A Gob of Clay Takes That Gritty Feel Away
By Jordan Guinn
Go into virtually any auto detailing shop or car collector’s garage and you’re bound to find a clay bar.
These inexpensive globs of earth are a vital resource for anyone who wants a paint job with a velvety smooth feel.
“There’s a reason clay bars are in every the garage of every car collector, body shop and dealership,” said Jennifer Olvera, administrative director for the Smart Detailing University in Los Angeles, a certified vocational school for professional auto detailing and reconditioning. “Because they’re so good at restoring that showroom feel.”
Simply put, clay bars remove contaminants bonded to the surface. Ever used Silly Putty to take print off a newspaper page? It’s the same basic principle when using clay on a vehicle’s paint job.
Claying can also remove paint swirls, grit, brake dust and other unsightly blemishes from the paint.
Though clay bars are a favorite of detailers and car care professionals, Olvera said the average car owner shouldn’t feel it’s for experts only.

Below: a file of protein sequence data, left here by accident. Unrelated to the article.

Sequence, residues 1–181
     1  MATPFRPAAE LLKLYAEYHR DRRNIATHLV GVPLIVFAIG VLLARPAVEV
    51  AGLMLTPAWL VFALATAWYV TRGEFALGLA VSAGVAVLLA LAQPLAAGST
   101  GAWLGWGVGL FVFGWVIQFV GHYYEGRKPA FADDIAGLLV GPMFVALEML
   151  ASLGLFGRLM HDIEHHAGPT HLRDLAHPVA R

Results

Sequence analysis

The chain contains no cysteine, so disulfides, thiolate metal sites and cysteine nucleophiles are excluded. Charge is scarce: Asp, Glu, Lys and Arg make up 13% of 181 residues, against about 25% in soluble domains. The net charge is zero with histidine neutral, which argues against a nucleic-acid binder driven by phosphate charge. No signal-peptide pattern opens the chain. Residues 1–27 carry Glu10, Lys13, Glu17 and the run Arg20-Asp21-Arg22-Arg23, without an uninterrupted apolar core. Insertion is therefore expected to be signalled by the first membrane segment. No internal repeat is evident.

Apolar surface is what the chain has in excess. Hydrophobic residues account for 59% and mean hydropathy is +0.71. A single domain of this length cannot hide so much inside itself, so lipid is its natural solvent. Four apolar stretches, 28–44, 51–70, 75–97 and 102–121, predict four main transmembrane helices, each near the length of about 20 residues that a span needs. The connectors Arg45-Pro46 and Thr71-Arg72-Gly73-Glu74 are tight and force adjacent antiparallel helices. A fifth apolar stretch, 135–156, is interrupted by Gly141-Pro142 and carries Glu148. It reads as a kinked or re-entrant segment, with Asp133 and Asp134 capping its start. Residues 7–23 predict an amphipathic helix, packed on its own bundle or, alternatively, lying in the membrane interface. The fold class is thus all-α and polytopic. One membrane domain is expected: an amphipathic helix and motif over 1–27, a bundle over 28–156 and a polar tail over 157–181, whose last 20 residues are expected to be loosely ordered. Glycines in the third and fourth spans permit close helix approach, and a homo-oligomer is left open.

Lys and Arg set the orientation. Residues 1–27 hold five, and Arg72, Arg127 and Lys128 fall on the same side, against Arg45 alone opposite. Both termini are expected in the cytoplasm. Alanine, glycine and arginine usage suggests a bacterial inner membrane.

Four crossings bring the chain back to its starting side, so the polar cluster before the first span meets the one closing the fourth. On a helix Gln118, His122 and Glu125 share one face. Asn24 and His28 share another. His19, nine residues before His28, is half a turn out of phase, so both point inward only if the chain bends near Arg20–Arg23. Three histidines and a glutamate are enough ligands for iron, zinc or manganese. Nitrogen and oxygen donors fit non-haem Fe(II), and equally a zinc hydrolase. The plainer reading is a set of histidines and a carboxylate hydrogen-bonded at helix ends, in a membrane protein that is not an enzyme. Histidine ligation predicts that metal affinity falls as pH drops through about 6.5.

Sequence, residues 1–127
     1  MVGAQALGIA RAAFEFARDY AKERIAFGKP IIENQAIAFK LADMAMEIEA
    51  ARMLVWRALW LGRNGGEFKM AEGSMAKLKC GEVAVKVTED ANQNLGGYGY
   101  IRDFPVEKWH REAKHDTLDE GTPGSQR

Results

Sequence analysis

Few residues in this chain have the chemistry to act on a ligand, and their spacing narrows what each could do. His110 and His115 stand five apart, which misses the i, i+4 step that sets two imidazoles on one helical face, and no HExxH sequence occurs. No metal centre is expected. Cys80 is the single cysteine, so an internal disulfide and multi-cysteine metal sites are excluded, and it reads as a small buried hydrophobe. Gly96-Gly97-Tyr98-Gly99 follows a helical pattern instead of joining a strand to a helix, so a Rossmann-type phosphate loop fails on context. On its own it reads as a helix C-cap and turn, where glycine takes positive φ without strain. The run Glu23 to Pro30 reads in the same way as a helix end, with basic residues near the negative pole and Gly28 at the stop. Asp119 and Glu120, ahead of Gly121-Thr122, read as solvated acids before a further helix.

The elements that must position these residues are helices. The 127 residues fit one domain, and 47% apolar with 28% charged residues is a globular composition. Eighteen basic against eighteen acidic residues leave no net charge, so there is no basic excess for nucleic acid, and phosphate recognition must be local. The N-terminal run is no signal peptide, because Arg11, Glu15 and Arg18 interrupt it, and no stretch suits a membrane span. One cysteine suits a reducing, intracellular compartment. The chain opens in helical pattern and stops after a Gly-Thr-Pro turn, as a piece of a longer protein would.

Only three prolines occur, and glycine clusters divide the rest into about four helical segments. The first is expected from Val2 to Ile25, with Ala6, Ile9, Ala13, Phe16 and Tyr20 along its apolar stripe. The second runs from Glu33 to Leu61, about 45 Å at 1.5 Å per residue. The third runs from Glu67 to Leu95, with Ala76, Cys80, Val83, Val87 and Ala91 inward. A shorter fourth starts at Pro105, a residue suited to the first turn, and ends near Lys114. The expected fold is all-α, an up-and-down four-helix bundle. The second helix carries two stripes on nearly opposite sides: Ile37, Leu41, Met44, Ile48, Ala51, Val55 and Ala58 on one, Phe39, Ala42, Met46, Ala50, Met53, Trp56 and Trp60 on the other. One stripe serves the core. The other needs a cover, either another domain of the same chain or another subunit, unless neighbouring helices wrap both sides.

“Using a clay bar is an easy task anyone can do,” she said. “People may feel intimidated that it may damage the paint, but as long as you keep the surface well-lubricated and work in straight lines or a ‘Z’ pattern it will work great,” Olvera said.
Olvera offers the following advice for working with clay.
- Keep the surface lubricated. Use a synthetic lubricant designed for claying.
- Take a little piece at a time off the bar for the best results.
- Clay will dry out. Store the unused clay in an airtight container to maintain freshness.
- Look for a clay kit. The kit typically includes lubrication, a towel and the bar itself.
- DO NOT use a piece of clay that has fallen on the ground.
- DO NOT use clay on the following surfaces: Matte paintwork/vinyl wraps, textured plastic trim or rubber (door/window seals, tires).
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